"Confusing" language often means open to interpretation (ie, ambiguous). Anyone who thinks they may have a claim because the language in their contract can be read in multiple ways is probably well-advised to talk to a lawyer and sue.

Let me guess.. (1)

Finallyjoined!!! (1158431) | more than 3 years ago | (#36577410)

talk to a lawyer and sue

You're a septic, right?

Re:Let me guess.. (1)

superwiz (655733) | more than 3 years ago | (#36577476)

I am agnostic on the claim. But if a contract is, in fact, ambiguous, then I can see how the meeting of the minds at the time of the signing of the contract actually prevails over the language. I am not a lawyer nor do I know the person making the claim.

Re:Let me guess.. (1)

superwiz (655733) | more than 3 years ago | (#36577498)

By the way, I assume you meant "skeptic" rather than someone prone to suffering from inflammations.

Re:Let me guess.. (1)

Some Bitch (645438) | more than 3 years ago | (#36577548)

By the way, I assume you meant "skeptic" rather than someone prone to suffering from inflammations.

Nope, the English gp meant what they wrote.

Re:Let me guess.. (0)

Anonymous Coward | more than 3 years ago | (#36577662)

Right, aseptic means someone who kills germs.

Re:Let me guess.. (2)

TheRaven64 (641858) | more than 3 years ago | (#36577712)

For those unfamiliar with cockney rhyming slang:

Words are rhymed with two-word phrases, but the second is omitted. For example, thief becomes tea leaf, so calling someone a tea means that they are a thief. In this case, the phrase is 'septic tank', which rhymes with 'yank' and means someone from the USA (even someone from the south - sorry!), so the grandparent was asking if the person who's immediate reaction was to consult a lawyer and sue was American.

Tick, VG (1)

Finallyjoined!!! (1158431) | more than 3 years ago | (#36577764)

Spot on :-)

Re:Let me guess.. (0)

Anonymous Coward | more than 3 years ago | (#36577720)

Common term for Americans is Yank, Cockneys took that and converted that to Septic Tank. It is now often used in the shortened form "Septic" in the UK.

Re:Let me guess.. (1)

Marcika (1003625) | more than 3 years ago | (#36577820)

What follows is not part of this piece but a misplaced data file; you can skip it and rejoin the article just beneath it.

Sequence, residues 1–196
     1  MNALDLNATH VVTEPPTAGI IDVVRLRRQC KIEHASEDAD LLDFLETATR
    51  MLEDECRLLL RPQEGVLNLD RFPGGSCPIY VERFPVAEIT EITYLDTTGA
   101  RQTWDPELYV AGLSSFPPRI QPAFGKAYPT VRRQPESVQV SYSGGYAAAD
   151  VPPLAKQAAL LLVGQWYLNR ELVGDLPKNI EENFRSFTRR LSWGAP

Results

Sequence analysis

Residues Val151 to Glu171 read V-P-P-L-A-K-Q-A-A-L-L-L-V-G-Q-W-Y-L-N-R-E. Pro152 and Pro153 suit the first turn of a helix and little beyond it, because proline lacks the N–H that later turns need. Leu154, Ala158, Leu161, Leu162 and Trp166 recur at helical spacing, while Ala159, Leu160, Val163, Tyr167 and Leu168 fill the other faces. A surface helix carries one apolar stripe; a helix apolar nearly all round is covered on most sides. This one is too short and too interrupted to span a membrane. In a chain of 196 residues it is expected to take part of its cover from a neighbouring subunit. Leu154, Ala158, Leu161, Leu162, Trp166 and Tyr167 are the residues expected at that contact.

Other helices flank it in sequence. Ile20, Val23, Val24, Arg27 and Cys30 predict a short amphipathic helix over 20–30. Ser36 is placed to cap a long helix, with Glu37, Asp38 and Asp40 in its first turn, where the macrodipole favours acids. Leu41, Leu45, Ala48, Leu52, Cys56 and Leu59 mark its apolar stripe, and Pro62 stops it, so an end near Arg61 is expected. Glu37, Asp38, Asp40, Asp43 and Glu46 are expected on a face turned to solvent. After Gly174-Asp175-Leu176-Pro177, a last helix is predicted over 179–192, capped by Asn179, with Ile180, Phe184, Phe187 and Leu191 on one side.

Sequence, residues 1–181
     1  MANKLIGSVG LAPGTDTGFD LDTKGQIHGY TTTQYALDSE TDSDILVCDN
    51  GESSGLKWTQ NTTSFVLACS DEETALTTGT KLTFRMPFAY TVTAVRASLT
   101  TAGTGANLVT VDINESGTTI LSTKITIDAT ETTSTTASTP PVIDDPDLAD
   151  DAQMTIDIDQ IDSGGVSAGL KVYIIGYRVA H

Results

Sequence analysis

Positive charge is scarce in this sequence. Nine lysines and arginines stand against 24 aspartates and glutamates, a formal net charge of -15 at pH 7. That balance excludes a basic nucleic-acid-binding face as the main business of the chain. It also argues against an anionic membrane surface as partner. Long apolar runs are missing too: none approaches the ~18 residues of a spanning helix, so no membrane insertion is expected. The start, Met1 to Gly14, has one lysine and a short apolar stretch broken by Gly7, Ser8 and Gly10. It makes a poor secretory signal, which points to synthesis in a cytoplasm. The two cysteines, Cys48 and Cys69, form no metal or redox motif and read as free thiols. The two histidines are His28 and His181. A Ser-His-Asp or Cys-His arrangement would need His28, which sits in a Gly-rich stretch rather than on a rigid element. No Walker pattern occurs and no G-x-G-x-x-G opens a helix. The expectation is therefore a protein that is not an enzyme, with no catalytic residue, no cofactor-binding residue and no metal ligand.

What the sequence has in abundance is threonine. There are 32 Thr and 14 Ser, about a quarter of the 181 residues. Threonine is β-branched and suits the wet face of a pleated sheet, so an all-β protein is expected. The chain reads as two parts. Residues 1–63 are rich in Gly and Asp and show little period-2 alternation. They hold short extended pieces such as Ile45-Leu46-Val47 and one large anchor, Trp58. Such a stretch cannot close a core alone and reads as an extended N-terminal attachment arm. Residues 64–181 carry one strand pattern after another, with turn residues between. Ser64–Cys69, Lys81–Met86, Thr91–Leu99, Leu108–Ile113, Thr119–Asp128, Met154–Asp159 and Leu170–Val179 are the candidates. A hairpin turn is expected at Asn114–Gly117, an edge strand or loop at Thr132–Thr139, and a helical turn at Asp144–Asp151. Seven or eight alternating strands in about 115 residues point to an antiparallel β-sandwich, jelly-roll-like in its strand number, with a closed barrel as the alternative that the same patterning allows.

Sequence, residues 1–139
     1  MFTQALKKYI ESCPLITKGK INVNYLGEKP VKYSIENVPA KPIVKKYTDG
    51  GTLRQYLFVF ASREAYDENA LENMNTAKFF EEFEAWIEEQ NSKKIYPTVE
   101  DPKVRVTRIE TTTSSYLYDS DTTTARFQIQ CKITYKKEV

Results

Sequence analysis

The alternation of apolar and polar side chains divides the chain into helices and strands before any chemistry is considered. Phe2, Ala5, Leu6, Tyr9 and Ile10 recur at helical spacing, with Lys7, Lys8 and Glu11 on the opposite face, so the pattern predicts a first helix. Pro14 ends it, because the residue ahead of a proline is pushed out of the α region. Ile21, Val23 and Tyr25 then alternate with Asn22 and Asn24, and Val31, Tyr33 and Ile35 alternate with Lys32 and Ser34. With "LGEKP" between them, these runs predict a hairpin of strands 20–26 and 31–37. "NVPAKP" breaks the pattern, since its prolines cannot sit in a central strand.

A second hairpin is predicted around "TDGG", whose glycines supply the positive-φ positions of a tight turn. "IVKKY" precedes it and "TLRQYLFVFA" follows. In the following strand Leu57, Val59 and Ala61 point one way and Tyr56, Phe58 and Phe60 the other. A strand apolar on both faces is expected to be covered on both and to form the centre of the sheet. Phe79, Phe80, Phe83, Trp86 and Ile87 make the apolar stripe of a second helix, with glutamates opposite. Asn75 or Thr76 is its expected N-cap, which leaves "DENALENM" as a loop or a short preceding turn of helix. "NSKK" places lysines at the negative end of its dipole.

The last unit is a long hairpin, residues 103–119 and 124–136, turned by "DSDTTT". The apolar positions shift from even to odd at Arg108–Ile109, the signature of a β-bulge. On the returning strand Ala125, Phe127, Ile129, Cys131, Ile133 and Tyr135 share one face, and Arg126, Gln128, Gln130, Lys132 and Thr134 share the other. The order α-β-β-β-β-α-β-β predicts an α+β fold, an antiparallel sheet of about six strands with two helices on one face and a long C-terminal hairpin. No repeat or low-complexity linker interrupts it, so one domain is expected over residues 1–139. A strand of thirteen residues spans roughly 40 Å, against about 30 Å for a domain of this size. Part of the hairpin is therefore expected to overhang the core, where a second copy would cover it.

By the way, I assume you meant "skeptic" rather than someone prone to suffering from inflammations.

By the way, you are wrong to assume. "Septic" is a very common word in rhyming slang, it's short for "septic tank". The rhyming is left as an exercise to the reader.

Re:Let me guess.. (0)

Anonymous Coward | more than 3 years ago | (#36577864)

Or some from the holy church of Septicia, worshipping St. Staphylococcus aureus and St. E. Coli.

Re:"confusing" (1)

Gorobei (127755) | more than 3 years ago | (#36577462)

The language was unambiguous, but pretty deceitful. Basically, it said "if you are not with the company at the time it is sold, it can take back all your vested options."

Any reasonable contract would have spelled out clearly, not described it as a repurchase agreement referencing another document. He should definitely see a lawyer.

Re:"confusing" (1)

Pascal Sartoretti (454385) | more than 3 years ago | (#36577738)

"Confusing" language often means open to interpretation (ie, ambiguous).

If it is really ambigous, you might try to use this [wikipedia.org] as a weapon.

Opaque Language (1, Insightful)

shoehornjob (1632387) | more than 3 years ago | (#36577360)

Just another way to screw the little man.

Re:Opaque Language (0)

Anonymous Coward | more than 3 years ago | (#36577564)

Using Lojban as a language in legal documents to get rid of the conflicting and opaque language would be great but then everyone would need to learn Lojban. At least it would be easier than to learn understand legalese :) FYI Lojban is a constructed language designed to be logical and unambiguous. I've just started to learn it and it seems great so far. You can check http://www.lojban.org/ [lojban.org] if you are interested.

Been there, done that (5, Informative)

mark_reh (2015546) | more than 3 years ago | (#36577370)